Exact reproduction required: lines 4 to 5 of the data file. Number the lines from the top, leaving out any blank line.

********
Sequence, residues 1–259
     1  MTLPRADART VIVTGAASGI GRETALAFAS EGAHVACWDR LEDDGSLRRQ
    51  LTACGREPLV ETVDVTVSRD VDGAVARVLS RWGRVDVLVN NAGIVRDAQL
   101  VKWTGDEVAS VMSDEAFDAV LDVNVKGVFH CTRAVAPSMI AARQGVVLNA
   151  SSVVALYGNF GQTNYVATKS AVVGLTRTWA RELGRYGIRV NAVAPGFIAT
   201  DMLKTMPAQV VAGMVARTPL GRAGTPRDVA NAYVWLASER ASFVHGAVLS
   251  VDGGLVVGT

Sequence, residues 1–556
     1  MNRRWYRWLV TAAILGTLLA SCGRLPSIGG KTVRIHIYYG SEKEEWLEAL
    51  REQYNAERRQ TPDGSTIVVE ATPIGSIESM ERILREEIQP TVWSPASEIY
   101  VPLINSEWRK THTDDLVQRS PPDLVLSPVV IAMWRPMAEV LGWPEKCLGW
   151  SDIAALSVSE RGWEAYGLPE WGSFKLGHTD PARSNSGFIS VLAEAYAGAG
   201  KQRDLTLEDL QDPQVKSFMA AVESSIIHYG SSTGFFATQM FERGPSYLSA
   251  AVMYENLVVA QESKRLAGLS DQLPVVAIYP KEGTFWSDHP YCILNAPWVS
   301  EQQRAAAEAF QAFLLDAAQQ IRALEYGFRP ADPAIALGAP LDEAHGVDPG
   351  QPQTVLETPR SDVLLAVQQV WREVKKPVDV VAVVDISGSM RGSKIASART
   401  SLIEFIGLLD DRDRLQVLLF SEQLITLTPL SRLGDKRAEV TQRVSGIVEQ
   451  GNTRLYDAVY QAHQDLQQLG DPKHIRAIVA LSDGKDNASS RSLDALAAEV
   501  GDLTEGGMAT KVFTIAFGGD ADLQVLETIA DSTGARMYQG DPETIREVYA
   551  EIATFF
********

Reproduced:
   101  VKWTGDEVAS VMSDEAFDAV LDVNVKGVFH CTRAVAPSMI AARQGVVLNA
   151  SSVVALYGNF GQTNYVATKS AVVGLTRTWA RELGRYGIRV NAVAPGFIAT